Jisei the First Case HD is a visual novel focused entirely around a murder mystery. Centred around a killing at a diner, Sakevisual’s focused narrative provides some simple investigative thrills whilst lacking in some longevity and nuance.
The story concerns a murder mystery held entirely within a diner’s premises. A young girl is dead in the women’s bathroom with you caught at the scene. With a police officer on hand, you’re tasked with finding the real culprit to clear your name. You have the assistance of a voice in your head to guide you in the right direction and, whilst you do have psychic powers, there’s rarely interfere with the usual investigative methods.
The order of the day is talking to the three main suspects, establishing a timeline of events and cross-examining their alibis. Interactivity is confined to the usual dialogue options. It rarely takes an opportunity to significantly branch but it does allow you to tackle a line of questioning in order. As a result, choices feel inconsequential. You can happily stroll to the finish and even the conclusion steers you to the correct person.
Aside from that, you can move between rooms and check out the environments. It allows you to pick up on some extra clues and the game does like to direct you in the right ways. Very, very little of this game’s writing is superfluous fluff and it feels impossible to miss anything crucial. I appreciate how to the point this is, compared to over visual novels. There’s little time for flowery linguistic flourishes or internal monologues about some strife. It’s very singular in its approach and I actually find that refreshing.
A notebook would’ve been nice to record any crucial details but the game is segmented enough to keep track of what’s going on. The ending does question your ability to recall a timeline of events but the short nature of the game means that information is probably still within your memory. I don’t find it especially taxing but the simplicity might lead to more people enjoying the tale.
Everyone seems to have something to hide, there’s some red herrings but the whole mystery is resolved inside the hour. The short runtime feels somewhat padded out by repeated trips to report back to Detective Gurski. Checking in with him offers opportunities to discover new leads but it does feel like the game is stalling at times. It’s not very complex when it comes probing the suspects. It’s more focused on gathering information and then delivering your findings at the end.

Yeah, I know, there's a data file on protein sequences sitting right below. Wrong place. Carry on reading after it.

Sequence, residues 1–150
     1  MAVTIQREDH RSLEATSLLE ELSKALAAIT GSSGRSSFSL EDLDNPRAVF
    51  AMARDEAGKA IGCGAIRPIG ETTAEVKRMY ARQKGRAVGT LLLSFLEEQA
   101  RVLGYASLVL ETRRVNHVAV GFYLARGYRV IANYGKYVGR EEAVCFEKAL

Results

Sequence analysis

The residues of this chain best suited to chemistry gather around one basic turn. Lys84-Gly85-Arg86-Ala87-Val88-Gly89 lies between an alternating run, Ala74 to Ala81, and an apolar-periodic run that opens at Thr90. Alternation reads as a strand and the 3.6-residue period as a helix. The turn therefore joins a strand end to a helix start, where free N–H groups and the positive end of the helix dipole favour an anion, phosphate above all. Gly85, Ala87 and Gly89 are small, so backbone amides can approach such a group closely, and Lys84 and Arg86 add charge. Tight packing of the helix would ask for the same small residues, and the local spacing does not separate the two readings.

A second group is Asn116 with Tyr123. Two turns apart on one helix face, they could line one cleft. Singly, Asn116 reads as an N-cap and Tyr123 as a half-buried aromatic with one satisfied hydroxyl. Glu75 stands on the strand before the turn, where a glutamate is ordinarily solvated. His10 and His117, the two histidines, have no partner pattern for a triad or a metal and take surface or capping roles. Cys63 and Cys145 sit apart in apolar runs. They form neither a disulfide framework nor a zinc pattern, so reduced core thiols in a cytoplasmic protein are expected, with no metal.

There’s intrigue with the three suspects lives all intertwining. It helps sell the mystery and drive home how everyone could have a motive. The only cast member with nothing to hide is the police officer who remains a mentoring force of authority. I was kept interested throughout but the curtains close far too early.
Visually, the backgrounds are decently detailed. Being confined to a diner does mean there’s barely a handful of rooms to visit. It’s compact and at least the cast has plenty of lines to deliver. It’s all voice acted well and you do get a good sense of what the character’s personalities are like. The artwork and character design is very bright and anime. The writing is very focused on the mystery but this does lead to a game that is over before you know it.
It’s worth noting our nameless protagonist is also mute. His lack of voice acting stands out and makes him feel a lot more like a blank slate. Given the rest of the cast have seen efforts to be fleshed out, he can feel quite dull by comparison.
The mystery itself is fairly easy to figure out and leads to a cliffhanger epilogue. There is one ending to find and any excess trophies are triggered by picking alternative dialogue options. If you want more sleuthing, there just isn’t much more to find here. I don’t think it presents a good value proposition, even if the story does deliver some thrills.
Jisei: The First Case HD is an impressive proof of concept that I felt needed more meat to dig into. The mystery is over within an hour with very little to discover in repeated playthroughs. It’s tightly focused but it becomes detrimental. The interesting characters and their backgrounds don’t get enough time to shine in what becomes a very short episode.
+ Well written with very little fluff.
+ Voice acting is well handled.
+ Bright, colourful artwork.
- Little reason to replay it.
- No way to record crucial information.
- The protagonist feels like a blank slate compared to the rest of the cast.